Saturday, September 20, 2014

This Service Interruption Sponsored by Crazy

When I was a child, I thought I was invincible. I'd climb tall trees and hold on with one hand. I'd walk rural highways with no concern. I'd throw shade back at jerks because they weren't going to escalate it into a physical throw-down. I've even been in some scrapes on my younger days. I never believed anyone would actually attack me without provocation.

Imagine my surprise when I was attacked by a random woman in at a busy intersection in a nice part of town yesterday morning. I had just finished my chai latte and some reading about small business. I discarded my cup and began the half mile walk to my daily grind. It's usually a nice walk, giving me time to organize my pre-workday thoughts. I head down a main drag before winding my way through neighborhoods where they disregard the lawn watering rules of the LA drought. Kids sell lemonade on street corners and people walk dogs in their J. Crew pajama pants. It's safe. I wasn't on guard like I am in less idyllic neighborhoods.

I was waiting to cross the street and walk to work when a crazy woman walked behind me, yanked my hair, and twisted my head. She was muttering like a crazy person. I didn't provoke her, try staring her down, loudly ask who invited the kook to the corner. I just stood at the corner waiting for that walking man to pop up on the sign. She yanked and yanked while I shouted at her to stop. When she released me, she headed the other way. The light changed and I darted across the street.

Time moves slowly during an attack. There were two people on that part of the corner with me: a woman on a bicycle who got the hell out of there before the light changed, and a man with a child in a stroller. Neither was going to help me. There were more people just down the block, but they were far more shocked than I was. I didn't scream or shout for help. I broke out my Actor Voice and yelled at her to stop.

Taking every bad thing as a lesson, here's what I've learned:
  • When something bad happens, yes, it is actually happening and it is for real. Don't waste valuable time trying to sort that part out like I did. I could have swung around and clocked her with my handbag, taken a photo of her after, and hollered after the motorcycle cop in the area that didn't seem to notice.
  • No one is obligated to help you, and chances are no one will even if you scream or shout. Be prepared to handle the situation yourself. After she went the other direction, the man with the stroller asked if I was okay. I crossed two streets at the intersection, and someone who witnessed it on an opposing corner asked if I was okay. No one was going to dart across a busy intersection to get a crazy woman to disengage.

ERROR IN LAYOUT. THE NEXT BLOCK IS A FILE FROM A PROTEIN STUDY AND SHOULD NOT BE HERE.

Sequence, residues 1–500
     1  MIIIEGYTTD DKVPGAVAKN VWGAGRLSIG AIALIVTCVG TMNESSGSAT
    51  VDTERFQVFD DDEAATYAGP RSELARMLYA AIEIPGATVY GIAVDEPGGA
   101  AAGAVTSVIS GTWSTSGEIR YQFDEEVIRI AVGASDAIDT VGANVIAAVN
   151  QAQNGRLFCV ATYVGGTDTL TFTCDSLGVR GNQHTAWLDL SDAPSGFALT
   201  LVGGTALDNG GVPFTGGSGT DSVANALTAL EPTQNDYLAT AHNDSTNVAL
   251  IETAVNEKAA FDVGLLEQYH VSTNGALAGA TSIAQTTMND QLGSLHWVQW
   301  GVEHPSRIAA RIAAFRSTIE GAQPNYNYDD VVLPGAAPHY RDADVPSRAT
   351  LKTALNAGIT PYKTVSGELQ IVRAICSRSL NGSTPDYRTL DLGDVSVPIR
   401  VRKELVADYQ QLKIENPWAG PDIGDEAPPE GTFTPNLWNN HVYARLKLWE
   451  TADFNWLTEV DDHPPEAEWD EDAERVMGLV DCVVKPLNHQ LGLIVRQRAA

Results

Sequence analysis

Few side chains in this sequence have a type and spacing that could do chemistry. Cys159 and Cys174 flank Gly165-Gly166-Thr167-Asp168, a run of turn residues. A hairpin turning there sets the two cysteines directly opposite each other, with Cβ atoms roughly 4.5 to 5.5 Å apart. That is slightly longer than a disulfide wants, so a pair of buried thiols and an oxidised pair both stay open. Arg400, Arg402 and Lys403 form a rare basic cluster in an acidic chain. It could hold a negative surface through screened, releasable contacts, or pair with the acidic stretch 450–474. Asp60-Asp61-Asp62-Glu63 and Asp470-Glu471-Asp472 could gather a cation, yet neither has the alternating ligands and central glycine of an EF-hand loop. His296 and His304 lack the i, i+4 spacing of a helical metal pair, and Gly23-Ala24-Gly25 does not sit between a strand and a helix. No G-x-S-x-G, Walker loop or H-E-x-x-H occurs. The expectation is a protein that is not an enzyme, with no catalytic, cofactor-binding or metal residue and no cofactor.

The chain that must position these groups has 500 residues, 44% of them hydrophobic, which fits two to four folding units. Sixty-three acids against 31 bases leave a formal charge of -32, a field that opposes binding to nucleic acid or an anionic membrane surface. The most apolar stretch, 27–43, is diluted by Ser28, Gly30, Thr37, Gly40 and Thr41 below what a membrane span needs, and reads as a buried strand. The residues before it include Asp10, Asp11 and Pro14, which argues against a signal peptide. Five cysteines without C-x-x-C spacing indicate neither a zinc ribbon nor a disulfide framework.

• If a man attacks a woman at a busy intersection, people are more likely to get involved. If a woman attacks another woman, it's a different dynamic and doesn't prompt interference. If I was a man, she would never have attacked me like that. An attack can come from anyone, so you sadly must keep up your guard.
  • Report any incidents as soon as possible. In Los Angeles, you are discouraged from tying up 911 when a situation is not posing immediate danger. It's a big city and there are limited resources. If you witness or experience something like this and you're not wounded, you may decide to fill out the anonymous web tip form and submit that. You can also text CRIMES (274637) on your cell phone and begin the message with the letters LAPD. If enough people report the crazies, they may be removed from endangering others before they kill someone.
  • No one has the right to derail your intentions with their crazy. I was on my way to work with a gig at night, and I wasn't seriously injured. (I was just sore and shaken up.) I could've given up and scurried home to hide out and cry, going over and over how I could dare be so vulnerable that something like this could happen to me, canceling everything on my agenda and skulking in my dark bedroom. I pushed through, put in most of a workday, and did my show at night. It was tough. I was pretty fragile until I had a nap, but I didn't give up on getting things done.
  • You have a support network, even if you feel like you don't. One of the marvels of social media is being able to stay connected with people in real time. I've received so much support and many encouraging words because I shared what happened. I was urged by my friends to file a report. I have a friend who teaches self-defense and is trying to sort out the best technique to defend against that exact means of attack. I had offers of help, and I'm working on a growler of comfort beer from a very dear friend. People care about you, even if they don't say it all the time. Keep that in mind.
I ended the workday with an Uber ride home. I use Uber and the bus frequently when my husband has the car. I took an Uber so I could be around a safe stranger. Not everyone is crazy. Not everyone is out to hurt you. It was therapeutic to just be in the same space as someone I didn't know who wasn't going to hurt me.

I hope you never face something like this, but I hope that my experience informs your safety and survival should you ever face a crazy.

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